Evaluating the effectiveness of your communication

Once your advertising campaign has been launched, you must be able to evaluate whether it has produced the expected results. And there are tools to help you do this.

It is essential to evaluate the effectiveness of an advertising campaign. This makes it possible to avoid making the same mistakes or simply improve certain aspects of your public relations policy. If you notice, for example, that use of social networks has not reached the customers you were targeting, adjustments will be made, focusing on traditional advertising channels such as newspapers or television.

For more specific information about the impact of a campaign, you can contact the advertising agency that produced the campaign. Most agencies have evaluation tools.

Letters and newsletters

It is relatively easy to calculate the effectiveness of letters and newsletters. You simply count the number of responses received. In general terms, the success rate of this method is:

  • For purchased address lists: approximately 0.5% to 2%
  • For an SME’s existing customers, for a new promotion: approximately 2% to 10%
  • For an SME’s existing customers, for an invitation to a special event: over 10%

Posters

APG SGA uses the “post-testing” method for its advertising posters, which means it can ascertain the impact of each of the posters it has been asked to produce. For example, 61% of passers-by remembered a Denner advertising campaign in 2013, which showed wide-eyed customers with the slogan “Amazing eye-opening prices”. Another example: 51% of passers-by remembered an ad for M-Budget that simply showed items on promotion.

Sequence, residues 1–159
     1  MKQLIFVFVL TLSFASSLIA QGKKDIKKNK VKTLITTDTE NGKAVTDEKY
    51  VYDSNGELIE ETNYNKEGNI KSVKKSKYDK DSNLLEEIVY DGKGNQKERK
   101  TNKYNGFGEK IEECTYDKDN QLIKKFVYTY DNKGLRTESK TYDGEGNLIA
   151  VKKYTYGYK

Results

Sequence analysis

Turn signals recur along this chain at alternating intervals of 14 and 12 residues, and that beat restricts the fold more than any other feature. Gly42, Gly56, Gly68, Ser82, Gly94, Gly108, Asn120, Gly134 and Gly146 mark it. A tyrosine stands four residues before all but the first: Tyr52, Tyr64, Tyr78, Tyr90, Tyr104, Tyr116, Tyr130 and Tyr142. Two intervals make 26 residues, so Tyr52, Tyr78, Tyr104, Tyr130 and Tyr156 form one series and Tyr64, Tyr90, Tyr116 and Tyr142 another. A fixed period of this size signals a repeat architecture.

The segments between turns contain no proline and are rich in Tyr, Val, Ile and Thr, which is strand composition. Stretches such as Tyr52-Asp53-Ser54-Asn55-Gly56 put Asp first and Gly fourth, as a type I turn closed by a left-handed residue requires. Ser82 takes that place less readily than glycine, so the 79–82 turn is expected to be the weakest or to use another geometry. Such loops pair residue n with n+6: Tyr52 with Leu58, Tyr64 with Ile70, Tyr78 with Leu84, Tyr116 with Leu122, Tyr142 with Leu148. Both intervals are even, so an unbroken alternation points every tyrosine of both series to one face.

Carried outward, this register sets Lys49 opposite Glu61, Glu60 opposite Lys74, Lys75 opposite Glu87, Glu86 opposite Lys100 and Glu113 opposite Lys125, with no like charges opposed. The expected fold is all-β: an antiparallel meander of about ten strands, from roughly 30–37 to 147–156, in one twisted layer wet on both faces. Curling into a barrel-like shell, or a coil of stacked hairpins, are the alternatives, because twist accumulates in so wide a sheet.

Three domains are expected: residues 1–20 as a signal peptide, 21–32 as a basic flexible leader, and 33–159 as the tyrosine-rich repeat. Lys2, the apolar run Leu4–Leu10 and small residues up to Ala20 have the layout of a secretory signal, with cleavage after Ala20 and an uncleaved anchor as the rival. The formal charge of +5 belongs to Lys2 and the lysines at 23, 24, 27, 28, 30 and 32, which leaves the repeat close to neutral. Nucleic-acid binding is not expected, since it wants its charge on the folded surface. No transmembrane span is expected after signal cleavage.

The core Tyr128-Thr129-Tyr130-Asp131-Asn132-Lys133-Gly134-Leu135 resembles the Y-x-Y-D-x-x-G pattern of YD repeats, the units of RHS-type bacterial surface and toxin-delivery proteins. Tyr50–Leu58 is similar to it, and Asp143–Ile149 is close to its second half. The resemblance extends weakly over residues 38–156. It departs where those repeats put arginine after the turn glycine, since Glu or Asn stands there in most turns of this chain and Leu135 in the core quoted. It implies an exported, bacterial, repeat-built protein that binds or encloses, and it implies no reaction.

On the web

With advertising space tools on the internet like Google AdWords or Microsoft AdCenter, the effectiveness of online advertising can be calculated by number of clicks. Social networks also allow you to evaluate the effectiveness of your online activity. For example, a Facebook page shows the number of people who have seen the user’s profile or who have watched a video or viewed an article.

Sources: Small Business Marketing Kit for Dummies, Barbara Findlay Schenck, John Wiley & Sons Inc, 2012; APG SGA, Google AdWords, Microsoft AdCenter, Facebook.


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Last modification 08.08.2018

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